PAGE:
Familiar roles, new opportunities
Research Information Management—RIM—is the aggregation, curation, and utilization of information about research. These activities already intersect with many aspects of your library’s services. But, as OCLC’s Lorcan Dempsey wrote in a 2014 blog post on the subject, only recently have we been treating RIM:
[As] a new service category … the integrated management of information about the research life cycle, and about the entities which are party to it.
As such, OCLC has been researching and writing about the ways that libraries are becoming leaders in this important trend. Our position paper, Research Information Management: Defining RIM and the Library’s Role, is a good place to start if you want the “big picture” about RIM and libraries.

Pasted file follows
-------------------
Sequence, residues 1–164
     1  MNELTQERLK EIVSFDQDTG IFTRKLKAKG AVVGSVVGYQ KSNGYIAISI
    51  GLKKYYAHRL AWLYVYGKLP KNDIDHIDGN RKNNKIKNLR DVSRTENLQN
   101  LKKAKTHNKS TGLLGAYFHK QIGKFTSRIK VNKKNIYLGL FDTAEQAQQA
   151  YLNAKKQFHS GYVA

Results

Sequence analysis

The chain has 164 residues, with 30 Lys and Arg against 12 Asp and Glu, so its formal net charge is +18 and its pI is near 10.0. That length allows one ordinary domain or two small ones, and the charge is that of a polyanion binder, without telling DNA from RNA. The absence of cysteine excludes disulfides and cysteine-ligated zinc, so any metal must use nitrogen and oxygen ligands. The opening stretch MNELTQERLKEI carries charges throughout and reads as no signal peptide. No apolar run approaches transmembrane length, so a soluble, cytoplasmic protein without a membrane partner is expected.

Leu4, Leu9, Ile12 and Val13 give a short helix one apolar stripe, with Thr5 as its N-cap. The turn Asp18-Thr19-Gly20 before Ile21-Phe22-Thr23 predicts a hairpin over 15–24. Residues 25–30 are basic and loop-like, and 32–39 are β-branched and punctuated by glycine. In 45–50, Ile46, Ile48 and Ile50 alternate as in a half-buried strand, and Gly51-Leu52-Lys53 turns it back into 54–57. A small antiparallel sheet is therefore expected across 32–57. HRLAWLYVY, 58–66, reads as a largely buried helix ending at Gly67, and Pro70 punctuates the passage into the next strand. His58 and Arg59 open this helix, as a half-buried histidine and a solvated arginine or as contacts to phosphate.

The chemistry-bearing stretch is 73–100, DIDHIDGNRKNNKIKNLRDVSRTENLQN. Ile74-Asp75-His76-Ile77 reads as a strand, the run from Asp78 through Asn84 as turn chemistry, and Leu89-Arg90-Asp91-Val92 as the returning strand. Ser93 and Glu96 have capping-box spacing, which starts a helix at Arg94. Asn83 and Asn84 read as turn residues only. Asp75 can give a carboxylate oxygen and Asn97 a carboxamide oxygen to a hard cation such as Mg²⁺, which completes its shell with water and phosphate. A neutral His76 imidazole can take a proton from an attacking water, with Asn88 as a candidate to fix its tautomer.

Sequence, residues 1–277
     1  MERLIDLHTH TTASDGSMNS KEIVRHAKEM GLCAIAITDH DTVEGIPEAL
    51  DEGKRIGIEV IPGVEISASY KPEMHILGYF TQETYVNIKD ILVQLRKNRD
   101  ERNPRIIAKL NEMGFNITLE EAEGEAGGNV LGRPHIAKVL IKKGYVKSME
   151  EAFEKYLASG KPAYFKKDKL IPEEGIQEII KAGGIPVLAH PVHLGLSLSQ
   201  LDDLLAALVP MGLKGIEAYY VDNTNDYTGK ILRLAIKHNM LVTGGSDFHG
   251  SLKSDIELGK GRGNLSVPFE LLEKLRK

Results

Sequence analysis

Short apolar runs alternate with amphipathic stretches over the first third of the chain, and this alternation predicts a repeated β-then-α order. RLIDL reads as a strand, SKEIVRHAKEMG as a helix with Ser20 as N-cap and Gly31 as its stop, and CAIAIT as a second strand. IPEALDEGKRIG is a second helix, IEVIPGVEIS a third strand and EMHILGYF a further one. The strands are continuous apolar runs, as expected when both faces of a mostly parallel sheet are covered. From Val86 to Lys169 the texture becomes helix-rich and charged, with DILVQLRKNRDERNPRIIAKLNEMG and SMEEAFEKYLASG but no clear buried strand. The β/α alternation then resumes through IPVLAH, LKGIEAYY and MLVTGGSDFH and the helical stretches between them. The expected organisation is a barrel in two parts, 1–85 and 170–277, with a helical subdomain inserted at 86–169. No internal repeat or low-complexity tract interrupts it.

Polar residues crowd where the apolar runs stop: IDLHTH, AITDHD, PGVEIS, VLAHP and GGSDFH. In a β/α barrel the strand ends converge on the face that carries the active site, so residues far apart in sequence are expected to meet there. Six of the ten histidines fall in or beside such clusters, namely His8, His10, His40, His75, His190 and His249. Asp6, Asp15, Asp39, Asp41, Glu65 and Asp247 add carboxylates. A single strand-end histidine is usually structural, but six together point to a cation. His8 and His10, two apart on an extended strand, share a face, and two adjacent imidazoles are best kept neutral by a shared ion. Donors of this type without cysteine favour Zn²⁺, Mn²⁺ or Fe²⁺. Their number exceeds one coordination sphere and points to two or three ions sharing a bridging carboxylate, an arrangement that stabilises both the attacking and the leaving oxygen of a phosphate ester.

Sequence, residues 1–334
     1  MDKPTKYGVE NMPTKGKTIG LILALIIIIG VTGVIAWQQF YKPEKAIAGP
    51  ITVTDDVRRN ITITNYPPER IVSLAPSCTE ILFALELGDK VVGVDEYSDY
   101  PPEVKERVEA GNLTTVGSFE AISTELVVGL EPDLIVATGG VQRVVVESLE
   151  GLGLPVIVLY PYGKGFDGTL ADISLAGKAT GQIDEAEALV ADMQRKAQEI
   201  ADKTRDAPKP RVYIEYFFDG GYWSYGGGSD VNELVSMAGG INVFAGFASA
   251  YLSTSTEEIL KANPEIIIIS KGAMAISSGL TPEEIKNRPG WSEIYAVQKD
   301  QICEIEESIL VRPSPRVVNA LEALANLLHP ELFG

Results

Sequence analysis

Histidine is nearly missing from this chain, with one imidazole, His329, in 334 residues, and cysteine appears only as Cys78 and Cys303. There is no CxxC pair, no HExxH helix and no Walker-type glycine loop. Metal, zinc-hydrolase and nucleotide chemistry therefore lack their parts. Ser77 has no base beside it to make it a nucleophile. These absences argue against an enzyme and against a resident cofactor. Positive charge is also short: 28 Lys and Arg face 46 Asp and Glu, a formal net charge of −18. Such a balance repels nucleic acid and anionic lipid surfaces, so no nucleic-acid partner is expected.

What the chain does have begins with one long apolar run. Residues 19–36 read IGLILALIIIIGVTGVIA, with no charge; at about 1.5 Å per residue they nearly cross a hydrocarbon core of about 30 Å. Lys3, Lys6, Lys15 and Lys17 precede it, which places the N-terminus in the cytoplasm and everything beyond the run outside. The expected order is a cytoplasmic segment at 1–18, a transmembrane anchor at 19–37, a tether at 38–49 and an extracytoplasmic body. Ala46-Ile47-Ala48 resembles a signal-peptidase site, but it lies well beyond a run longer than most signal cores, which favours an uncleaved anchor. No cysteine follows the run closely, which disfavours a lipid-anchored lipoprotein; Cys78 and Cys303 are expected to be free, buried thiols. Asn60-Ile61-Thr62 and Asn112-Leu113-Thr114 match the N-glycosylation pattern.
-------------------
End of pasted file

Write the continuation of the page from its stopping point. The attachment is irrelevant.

The publication helps libraries and other institutional stakeholders better understand how institutions are adopting research information management practices, driven by many different uses, such as support for expertise in discovery, open access policies and compliance, faculty activity reporting workflows, and research assessment activities. In it we identify four major ways in which libraries can add value to this complex ecosystem:
- Publications and scholarship expertise
- Discoverability, access, and reputational support
- Stewardship of the institutional record
- Training and support